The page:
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Dogs escape death sentence

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Two dogs which killed and savaged sheep at a Pilling farm have escaped being destroyed.

The Rottweilers ripped open the throats of ewes with lambs during the attack at Skronkey Farm, which was described by a vet as “the worst case of sheep worrying I have seen.”

Four sheep at farmer Ben Carter’s farm were so badly injured they had to be put down and their lambs given to a neighbouring farmer’s flock to nurse, while others were seriously wounded.

It was revealed the two dogs responsible cannot be put to death because the section of the law under which their owner was prosecuted does not give the courts that option.

Carole Holden, 52, of Moorland View, Bradshaw Lane, Pilling, previously pleaded guilty to being the owner of a dog which worried livestock.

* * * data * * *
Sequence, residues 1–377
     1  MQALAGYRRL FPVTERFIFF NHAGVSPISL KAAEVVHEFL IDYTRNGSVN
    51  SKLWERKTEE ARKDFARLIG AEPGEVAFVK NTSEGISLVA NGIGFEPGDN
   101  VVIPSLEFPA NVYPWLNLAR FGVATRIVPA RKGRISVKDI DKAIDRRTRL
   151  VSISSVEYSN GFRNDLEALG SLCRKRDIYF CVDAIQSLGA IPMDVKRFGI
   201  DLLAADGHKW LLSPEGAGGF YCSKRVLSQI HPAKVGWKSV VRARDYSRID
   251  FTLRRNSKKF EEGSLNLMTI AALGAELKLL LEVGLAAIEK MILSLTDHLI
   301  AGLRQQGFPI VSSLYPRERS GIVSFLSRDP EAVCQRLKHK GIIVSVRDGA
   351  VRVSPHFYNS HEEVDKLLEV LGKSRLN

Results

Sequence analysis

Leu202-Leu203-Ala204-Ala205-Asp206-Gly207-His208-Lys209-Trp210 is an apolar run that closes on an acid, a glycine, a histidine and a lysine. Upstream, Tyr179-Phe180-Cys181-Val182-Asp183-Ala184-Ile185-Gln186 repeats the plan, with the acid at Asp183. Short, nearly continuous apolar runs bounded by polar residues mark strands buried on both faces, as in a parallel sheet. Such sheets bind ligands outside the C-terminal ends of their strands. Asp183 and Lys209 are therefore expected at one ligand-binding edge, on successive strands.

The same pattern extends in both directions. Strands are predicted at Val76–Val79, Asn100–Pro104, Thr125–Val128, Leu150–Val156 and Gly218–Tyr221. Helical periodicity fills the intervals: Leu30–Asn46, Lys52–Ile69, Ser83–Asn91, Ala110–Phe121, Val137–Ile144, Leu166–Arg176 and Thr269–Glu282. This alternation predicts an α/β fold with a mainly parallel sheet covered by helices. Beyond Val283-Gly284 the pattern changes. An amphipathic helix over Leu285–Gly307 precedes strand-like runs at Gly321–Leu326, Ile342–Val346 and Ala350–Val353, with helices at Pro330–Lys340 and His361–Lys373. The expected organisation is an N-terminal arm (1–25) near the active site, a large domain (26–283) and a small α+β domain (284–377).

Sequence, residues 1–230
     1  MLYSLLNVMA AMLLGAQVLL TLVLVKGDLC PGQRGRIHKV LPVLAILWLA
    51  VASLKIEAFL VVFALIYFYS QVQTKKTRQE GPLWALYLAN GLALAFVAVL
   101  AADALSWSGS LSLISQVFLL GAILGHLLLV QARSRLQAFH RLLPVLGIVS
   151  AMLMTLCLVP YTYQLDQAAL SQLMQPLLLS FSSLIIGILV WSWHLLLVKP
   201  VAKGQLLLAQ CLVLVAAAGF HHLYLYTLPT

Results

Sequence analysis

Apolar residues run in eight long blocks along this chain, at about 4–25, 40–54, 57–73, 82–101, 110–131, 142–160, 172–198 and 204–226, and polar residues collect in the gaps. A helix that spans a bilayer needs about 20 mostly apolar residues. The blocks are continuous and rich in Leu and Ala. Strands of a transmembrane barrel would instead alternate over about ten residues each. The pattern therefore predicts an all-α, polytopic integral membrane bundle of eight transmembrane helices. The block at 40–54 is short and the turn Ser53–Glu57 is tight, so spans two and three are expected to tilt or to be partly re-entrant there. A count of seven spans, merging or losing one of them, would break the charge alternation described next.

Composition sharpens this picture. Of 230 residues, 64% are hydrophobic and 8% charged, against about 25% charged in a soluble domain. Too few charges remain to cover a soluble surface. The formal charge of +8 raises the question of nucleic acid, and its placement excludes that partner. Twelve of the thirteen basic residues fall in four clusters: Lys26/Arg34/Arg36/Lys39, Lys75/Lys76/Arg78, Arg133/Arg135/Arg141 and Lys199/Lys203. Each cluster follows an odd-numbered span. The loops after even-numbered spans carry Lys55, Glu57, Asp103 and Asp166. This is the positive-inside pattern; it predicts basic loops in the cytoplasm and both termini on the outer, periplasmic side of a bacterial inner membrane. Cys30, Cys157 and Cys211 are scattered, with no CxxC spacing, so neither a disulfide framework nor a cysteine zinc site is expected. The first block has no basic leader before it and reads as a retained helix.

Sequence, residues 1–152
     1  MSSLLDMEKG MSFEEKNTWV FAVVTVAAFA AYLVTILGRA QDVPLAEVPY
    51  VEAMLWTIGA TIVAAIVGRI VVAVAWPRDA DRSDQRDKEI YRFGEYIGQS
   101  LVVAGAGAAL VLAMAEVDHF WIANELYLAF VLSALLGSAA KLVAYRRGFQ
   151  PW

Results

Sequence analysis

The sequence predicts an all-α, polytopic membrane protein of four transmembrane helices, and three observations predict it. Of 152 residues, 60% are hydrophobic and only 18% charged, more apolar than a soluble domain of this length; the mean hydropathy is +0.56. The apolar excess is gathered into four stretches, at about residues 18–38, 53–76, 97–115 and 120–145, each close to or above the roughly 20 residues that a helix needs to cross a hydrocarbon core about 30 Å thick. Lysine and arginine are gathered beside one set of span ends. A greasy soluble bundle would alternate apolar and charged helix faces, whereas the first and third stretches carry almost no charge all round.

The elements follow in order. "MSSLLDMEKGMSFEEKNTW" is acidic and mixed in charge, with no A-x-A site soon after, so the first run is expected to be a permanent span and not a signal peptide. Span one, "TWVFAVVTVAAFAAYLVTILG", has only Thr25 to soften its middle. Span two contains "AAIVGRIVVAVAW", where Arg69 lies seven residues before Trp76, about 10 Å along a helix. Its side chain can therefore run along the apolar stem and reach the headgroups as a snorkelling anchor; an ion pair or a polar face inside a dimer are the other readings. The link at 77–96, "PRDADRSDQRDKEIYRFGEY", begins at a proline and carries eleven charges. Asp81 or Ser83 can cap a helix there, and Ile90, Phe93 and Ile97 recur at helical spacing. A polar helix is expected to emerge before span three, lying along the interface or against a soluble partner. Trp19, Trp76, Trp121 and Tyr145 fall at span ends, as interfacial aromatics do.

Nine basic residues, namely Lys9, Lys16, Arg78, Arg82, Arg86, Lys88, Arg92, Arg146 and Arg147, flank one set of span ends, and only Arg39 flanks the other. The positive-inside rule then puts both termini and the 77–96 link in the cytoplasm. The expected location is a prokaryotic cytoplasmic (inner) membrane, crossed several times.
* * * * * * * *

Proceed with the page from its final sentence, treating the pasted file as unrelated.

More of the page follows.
She said she had parted with one dog and spent £600 on a special fence and collar to keep the other dog confined to her garden.

At that hearing the case was adjourned for a judge to consider whether the dogs should be put down.

Brett Chappell, defending, told a court the section of the law under which his client had been prosecuted did not allow for the dogs to be destroyed.

He asked for Holden’s previous plea of guilty to be withdrawn.

Mr Chappell said he now intended to consult the Crown Prosecution Service as to whether his client could be given a conditional caution instead of being prosecuted.

This would entail Holden paying the farmer compensation for the loss of his sheep.

District Judge, Roger Lowe, sitting at Blackpool Magistrates’ Court, agreed to set aside Holden’s guilty plea and added: “The prosecution has now discovered the legislation under which this case was brought is not one which empowers the court to order the destruction of the dogs.”

The judge adjourned the case to July 30 for a conditional caution to be considered for Holden, who was not present at the hearing.

 
 
 

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